2. On a low heat – add 1 finely diced onion to the pan juices and lightly fry for 2 mins. If more liquid is required, just add 100mls stock to pan and reduce to a nice consistency.
option 1: Mushroom Sauce:
3. Add sliced mushrooms to the pan juices, fry lightly until cooked.
4. Add cream, minced garlic and salt to pan. Cook on a low heat until the sauce thickens.
option 2: Pepper Sauce
3. Add 2T bottled green peppercorns, 1 tsp minced garlic and pinch of salt to the pan, then pour in approx 100ml cream. Cook on a low heat until the sauce thickens.
When cooked ‘low and slow’, beef cheeks become very tender, and this recipe is ideal for a slow cooker, put on low in morning to simmer all day.
- 4 Beef Cheeks (available in our pre-pack)
- 1 onion – diced
- 2 cloves garlic – sliced
- 1 cup red wine
- 1 celery stalk – diced
- Thyme sprigs
- Rosemary sprigs
- 1 tbsp tomato paste
- Fresh Torre and Mordini Beef Stock (1L)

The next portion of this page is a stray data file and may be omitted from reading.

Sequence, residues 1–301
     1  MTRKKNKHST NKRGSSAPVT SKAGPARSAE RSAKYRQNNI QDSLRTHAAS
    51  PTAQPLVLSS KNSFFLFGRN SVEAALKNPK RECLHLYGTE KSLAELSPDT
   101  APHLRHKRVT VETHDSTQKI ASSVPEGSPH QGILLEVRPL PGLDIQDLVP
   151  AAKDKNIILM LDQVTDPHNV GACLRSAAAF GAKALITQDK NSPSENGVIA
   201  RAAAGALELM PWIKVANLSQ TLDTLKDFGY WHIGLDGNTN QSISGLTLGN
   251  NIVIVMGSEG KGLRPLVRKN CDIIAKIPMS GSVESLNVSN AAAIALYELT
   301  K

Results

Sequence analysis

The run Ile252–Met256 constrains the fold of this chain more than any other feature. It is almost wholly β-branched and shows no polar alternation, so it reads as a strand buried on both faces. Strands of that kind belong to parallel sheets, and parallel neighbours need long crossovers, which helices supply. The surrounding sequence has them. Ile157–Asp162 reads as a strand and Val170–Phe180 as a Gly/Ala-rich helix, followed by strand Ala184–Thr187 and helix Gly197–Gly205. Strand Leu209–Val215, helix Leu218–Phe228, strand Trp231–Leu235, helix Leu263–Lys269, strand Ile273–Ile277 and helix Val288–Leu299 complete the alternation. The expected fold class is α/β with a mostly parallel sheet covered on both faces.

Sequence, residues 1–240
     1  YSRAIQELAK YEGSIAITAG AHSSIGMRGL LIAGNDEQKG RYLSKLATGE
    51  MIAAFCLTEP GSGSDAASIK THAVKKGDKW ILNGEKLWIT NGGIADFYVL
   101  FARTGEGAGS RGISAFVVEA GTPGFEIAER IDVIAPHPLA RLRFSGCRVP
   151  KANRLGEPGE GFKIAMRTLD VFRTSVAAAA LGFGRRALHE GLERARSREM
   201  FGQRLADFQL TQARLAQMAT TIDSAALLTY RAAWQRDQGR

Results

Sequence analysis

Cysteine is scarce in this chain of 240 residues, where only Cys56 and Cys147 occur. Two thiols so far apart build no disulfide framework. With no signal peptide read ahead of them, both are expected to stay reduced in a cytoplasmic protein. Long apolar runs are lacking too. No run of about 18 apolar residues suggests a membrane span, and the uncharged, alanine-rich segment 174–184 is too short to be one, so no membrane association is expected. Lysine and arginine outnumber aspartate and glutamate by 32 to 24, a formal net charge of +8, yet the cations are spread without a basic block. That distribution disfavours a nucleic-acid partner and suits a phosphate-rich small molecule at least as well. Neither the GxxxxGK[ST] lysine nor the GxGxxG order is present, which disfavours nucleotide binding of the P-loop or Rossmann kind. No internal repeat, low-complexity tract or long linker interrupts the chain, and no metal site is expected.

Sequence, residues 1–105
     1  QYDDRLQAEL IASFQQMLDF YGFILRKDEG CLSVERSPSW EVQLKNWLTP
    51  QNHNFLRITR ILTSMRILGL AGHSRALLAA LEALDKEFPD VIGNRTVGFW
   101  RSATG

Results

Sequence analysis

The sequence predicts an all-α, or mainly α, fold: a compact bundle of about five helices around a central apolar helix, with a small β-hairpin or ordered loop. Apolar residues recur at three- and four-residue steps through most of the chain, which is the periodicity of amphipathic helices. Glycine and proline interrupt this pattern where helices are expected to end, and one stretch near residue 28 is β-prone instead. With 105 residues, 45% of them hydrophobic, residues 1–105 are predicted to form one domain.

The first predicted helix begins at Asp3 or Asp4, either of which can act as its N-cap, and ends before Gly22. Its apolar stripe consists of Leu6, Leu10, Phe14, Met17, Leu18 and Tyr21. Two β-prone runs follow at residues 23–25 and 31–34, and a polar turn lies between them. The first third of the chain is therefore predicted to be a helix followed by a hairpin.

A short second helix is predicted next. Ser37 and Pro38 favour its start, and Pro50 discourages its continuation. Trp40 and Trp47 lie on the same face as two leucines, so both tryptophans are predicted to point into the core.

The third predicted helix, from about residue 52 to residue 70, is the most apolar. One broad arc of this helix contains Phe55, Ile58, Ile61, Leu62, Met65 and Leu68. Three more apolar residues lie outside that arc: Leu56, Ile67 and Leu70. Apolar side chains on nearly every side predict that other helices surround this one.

Pre-heat a dish/pan on the stove with a generous amount of oil. Season the beef and brown in the pan, then remove and keep on the side.
Add the diced garlic and vegetables to the pan and cook until they have slightly softened then add the tomato paste. De-glaze the pan with the wine. Add the cheeks back to the pan along with the herbs, and 500ml beef stock.
Simmer for 2-3 hours, or until tender on a low to medium heat. Add more beef stock if necessary to ensure the meat is always just cover in liquid.
Serve with potato mash.
Cooking the perfect roast
Roast Beef and Lamb cooked to your liking:
The internal temperature*: (*meat thermometers available at Torre and Mordini Gourmet Meats)
Rare – 55-60ºC
Medium rare – 60-65ºC
Medium – 65-70ºC
Medium well – 70-75ºC
Well done – 75ºC
Suggested Roasting Times – per 500g
Oven Temperature: 200ºC
Rare: Cooking time 15-20 min
Medium: Cooking time 20-25 min